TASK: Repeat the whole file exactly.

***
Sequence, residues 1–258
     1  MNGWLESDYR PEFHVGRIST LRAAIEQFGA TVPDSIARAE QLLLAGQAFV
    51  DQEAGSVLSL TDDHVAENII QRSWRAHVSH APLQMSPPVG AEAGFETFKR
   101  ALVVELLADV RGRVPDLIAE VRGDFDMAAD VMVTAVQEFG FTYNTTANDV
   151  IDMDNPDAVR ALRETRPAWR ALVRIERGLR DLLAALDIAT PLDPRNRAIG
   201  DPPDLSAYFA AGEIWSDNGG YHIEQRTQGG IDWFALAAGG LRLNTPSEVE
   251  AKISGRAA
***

Sequence, residues 1–258
     1  MNGWLESDYR PEFHVGRIST LRAAIEQFGA TVPDSIARAE QLLLAGQAFV
    51  DQEAGSVLSL TDDHVAENII QRSWRAHVSH APLQMSPPVG AEAGFETFKR
   101  ALVVELLADV RGRVPDLIAE VRGDFDMAAD VMVTAVQEFG FTYNTTANDV
   151  IDMDNPDAVR ALRETRPAWR ALVRIERGLR DLLAALDIAT PLDPRNRAIG
   201  DPPDLSAYFA AGEIWSDNGG YHIEQRTQGG IDWFALAAGG LRLNTPSEVE
   251  AKISGRAA